Tuesday, July 9, 2013

Passport Problem

Passport Problem

We were having a sundowner on the veranda when round the corner sauntered Sara’s cousin Kelvin. ‘My God!’ squealed Sara, as she hugged him. ‘Is it really you! What are you doing here? Why didn’t you say you were coming? How did you find us? Are you back for good?
That was more than a month ago. The very next morning he set off on the bus to Lundazi to visit his project, as he called it. For the past twenty years he’d been sending money back to his sister to build his retirement home, and now he wanted to have a look at it. ‘Be prepared to be disappointed,’ Sara had said. ‘Nowadays people are hungry, and can easily eat an entire house.’
‘Not my sister Enela,’ said Kelvin, ‘she’s the one who brought me up.’
‘Are you still married to that Malaysian woman?’ Sara asked.
‘That’s another long story,’ said Kelvin sadly.
It was a full forty years ago since Kelvin had disappeared into the melting pot of Glasgow, where he finally became Scotland’s only Zambian Glaswegian bus driver.
He had promised to visit us on his way back from Lundazi, But some three weeks passed and he didn’t return. ‘Maybe he’s found a new wife in Lundazi,’ said Sara. ‘There’s a few there who wouldn’t mind the inconvenience of a rich Zambian Glaswegian bus driver.’
But then, a week ago, he reappeared, dusty, dirty, unshaven and exhausted. ‘Good God Kelvin!’ I said, ‘What happened? Did they think you were a ghost? A witch? You found no house at all? We warned you!’
‘Nothing like that,’ he said, as he slumped into a chair. ‘Everything was fine in Lundazi, Enela is living in my house with her grandchildren, and the whole village welcomed me with a big feast. But I came back with no spare time to visit you, and had to rush straight to the airport. That was a week ago!’
‘A week ago! So why are you still here? What happened? Where have you been?’
‘Passport problem!’ he exclaimed. ‘Immigration confiscated it! And then locked me up!’
‘What, confiscated a British passport?’
‘No, I still have my Zambian passport. If I’d had a British passport I’d have been alright!’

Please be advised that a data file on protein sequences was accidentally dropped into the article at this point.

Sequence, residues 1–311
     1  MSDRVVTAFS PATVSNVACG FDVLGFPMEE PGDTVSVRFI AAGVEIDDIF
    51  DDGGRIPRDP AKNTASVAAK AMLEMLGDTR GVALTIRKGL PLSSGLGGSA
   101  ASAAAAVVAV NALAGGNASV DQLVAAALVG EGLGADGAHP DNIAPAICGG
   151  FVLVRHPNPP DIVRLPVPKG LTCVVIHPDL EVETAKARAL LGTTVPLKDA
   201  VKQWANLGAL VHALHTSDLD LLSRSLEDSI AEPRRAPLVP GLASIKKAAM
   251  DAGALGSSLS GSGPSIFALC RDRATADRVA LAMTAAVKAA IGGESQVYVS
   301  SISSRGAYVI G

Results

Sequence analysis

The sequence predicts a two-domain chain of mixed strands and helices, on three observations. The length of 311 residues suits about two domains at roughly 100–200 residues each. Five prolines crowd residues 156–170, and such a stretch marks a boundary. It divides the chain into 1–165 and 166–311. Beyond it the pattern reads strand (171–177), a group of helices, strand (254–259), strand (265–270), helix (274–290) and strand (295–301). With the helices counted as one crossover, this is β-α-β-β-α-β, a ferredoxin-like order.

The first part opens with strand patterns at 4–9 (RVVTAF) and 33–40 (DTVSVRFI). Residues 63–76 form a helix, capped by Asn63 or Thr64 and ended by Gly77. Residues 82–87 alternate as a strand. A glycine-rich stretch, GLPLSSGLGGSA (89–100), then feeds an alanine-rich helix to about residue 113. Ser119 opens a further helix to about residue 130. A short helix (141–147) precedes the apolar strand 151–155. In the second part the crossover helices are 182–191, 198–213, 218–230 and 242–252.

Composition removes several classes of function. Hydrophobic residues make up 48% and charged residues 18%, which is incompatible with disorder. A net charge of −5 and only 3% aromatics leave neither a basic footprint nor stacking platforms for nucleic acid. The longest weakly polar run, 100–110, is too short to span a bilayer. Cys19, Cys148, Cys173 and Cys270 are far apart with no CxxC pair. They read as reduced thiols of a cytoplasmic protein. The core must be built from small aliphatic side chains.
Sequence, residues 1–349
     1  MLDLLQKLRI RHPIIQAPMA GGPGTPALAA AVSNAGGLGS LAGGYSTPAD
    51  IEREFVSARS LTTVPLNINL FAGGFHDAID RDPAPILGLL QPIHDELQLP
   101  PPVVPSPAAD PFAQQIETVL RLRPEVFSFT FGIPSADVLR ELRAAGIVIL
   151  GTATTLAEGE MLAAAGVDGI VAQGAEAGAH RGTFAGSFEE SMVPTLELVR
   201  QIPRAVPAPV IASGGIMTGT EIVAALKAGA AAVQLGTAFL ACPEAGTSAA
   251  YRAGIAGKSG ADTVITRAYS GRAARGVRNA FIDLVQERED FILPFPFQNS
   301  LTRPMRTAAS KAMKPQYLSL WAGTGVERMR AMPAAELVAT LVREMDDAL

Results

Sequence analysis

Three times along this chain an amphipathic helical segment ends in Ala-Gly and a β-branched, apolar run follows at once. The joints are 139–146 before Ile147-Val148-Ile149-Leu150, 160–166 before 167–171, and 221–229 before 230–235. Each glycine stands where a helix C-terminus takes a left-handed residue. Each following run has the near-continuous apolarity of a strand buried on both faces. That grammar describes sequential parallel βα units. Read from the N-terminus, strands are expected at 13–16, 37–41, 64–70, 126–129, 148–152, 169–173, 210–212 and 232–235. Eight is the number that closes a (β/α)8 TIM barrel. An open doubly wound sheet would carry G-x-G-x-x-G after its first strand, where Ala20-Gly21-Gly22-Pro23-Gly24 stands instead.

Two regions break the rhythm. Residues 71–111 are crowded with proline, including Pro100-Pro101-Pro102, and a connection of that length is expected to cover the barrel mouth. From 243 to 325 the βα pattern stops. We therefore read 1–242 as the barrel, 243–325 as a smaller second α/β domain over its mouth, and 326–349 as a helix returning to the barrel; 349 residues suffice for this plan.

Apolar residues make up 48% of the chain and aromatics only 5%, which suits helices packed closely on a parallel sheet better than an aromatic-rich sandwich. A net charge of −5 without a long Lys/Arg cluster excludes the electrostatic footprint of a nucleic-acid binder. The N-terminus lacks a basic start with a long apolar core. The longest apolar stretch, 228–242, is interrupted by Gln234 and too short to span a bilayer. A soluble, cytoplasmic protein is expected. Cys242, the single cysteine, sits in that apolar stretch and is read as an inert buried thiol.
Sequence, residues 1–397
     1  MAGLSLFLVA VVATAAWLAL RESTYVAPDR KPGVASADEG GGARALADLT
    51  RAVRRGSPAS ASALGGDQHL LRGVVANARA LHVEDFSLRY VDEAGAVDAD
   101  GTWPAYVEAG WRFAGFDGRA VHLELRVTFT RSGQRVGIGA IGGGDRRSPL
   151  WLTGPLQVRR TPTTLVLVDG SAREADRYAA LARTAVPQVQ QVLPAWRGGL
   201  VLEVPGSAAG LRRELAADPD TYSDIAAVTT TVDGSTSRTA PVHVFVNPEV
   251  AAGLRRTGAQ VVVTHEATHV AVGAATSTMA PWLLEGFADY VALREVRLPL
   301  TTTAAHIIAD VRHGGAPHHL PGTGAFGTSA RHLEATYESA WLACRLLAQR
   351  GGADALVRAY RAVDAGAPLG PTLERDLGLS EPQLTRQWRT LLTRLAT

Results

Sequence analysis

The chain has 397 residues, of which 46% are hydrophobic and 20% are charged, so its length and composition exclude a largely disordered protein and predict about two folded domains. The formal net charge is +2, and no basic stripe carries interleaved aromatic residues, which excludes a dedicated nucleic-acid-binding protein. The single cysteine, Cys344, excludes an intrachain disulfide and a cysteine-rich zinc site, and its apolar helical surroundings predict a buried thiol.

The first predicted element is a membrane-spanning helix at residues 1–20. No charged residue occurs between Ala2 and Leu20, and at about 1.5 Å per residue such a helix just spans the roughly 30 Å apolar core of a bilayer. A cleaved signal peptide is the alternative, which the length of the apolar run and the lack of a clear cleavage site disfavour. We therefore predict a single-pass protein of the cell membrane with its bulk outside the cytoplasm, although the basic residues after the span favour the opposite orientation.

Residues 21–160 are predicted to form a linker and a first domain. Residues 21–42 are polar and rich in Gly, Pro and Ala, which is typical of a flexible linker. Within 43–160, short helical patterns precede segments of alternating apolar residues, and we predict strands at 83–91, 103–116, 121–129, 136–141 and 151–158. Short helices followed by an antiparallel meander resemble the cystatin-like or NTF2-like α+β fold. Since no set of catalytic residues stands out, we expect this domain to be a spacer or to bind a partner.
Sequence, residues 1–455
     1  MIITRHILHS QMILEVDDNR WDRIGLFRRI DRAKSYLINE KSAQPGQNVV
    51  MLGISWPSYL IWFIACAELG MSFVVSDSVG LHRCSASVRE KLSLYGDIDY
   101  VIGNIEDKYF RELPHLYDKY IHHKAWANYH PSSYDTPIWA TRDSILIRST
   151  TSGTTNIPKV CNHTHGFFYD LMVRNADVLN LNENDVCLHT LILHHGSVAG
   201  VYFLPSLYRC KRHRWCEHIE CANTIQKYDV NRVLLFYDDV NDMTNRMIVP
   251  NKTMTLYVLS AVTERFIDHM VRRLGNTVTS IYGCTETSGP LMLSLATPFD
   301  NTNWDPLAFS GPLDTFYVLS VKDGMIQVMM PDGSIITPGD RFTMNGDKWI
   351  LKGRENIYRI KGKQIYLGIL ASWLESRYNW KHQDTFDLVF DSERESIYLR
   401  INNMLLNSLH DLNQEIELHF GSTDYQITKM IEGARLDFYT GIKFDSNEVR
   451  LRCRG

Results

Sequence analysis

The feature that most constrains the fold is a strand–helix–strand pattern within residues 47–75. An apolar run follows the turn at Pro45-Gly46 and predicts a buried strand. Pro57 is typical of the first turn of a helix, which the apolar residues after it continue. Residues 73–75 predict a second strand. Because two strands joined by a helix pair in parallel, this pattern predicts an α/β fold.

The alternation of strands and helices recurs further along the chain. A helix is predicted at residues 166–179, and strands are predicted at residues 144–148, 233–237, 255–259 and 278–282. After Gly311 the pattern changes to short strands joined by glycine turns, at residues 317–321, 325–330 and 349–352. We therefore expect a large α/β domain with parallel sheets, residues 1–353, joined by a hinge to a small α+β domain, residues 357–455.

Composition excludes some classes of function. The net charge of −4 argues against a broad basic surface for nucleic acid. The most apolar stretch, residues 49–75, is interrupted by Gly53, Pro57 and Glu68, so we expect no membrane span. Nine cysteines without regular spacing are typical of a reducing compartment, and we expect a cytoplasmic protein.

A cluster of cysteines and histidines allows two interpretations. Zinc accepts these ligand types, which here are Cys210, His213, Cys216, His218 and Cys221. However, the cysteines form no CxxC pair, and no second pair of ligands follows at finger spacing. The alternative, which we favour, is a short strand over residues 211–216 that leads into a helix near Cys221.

‘So what was wrong with it?’
‘They asked me where my parents were born, and I said in Mzuzu.’
‘You shouldn’t have said that,’ said Sara.
‘They said I must have obtained it by dubious means, and confiscated it. Then they confiscated my cell phone and computer, and threw me in the cells.’
‘Your name must have been on their list,’ said Sara.
‘That’s how it turned out,’ said Kelvin. ‘They kept asking me about the Zambian Warthog, and insisting that I wrote stories for the Warthog, and demanded details of the identity of all the other journalists. It seems that one of the journalists they were looking for is also called  Kelvin Nhlane. After a week I got out on a police bond of K500, pending further investigations, but they’re still holding my passport. So I’m stuck here.’
‘Why didn’t you contact us?’ asked Sara.
‘I told you, they confiscated my phone and computer.’
‘You were entitled to one phone call, we could have got you a lawyer.’
‘They laughed in my face and said criminals don’t have human rights.’
‘We must apply to the court,’ I said. ‘We can get a judge to order that your passport is returned.’
‘What!’ laughed Sara. ‘All our judges are all hiding under their desks or under their beds. Even if you got a court order, the Immigration officials would tear it up in front of you.’
‘Haven’t you got connections?’ asked Kelvin.
‘Obviously not,’ I laughed. ‘Otherwise we wouldn’t be living in this little house in Chainda.’
‘What about my cousin Dingiswayo?’ asked Kelvin. ‘The one you said is an odious little bootlicker?’
‘OK,’ said Sara. ‘We don’t usually have anything to do with him. But I’ll take you to his place, and maybe he can just have a quiet word with somebody, and everything can be sorted out. Obviously there has been a terrible mistake.’
So Sara took him to Dingiswayo’s mansion in New Kasama, and they took him in, and took over the problem. Imagine our surprise when, only a couple of days later, we picked up our copy of The Post to find a screaming front page headline ‘Opposition Journalist Apologizes to Cycle Mata: Rogue journalist confesses his sins and pledges loyalty,’ accompanied by a picture of the Zambian Glaswegian bus driver, now dressed up in a new bling bling suit.
‘Maybe that’s the way to go,’ I suggested. ‘Don’t try to contradict their nonsense – just go along with it.’
‘If Kelvin can find his way through the Glasgow traffic,’ laughed Sara, ‘maybe he can wriggle out of this!’
The next the day the front page of The Post had a picture of Kelvin shaking hands with the dreaded Splinter Kapimbe, under the heading Internationally Renowned Journalist Joins the Party.
The next day was even better: Kelvin Nhlane appointed Member of Parliament and Minister of Propaganda.
And we knew the problem was completely solved when we picked up The Post the following day and read Nhlane Leads Delegation to UK: Nhlane to instruct British government on freedom of the press.
Two days later Sara got an e-mail from Kelvin: ‘Phew! Thanks for your help. Am back in Glasgow, driving my bus.’  


1 comment:

  1. hahahaha, back to the bus again? never saw that one coming.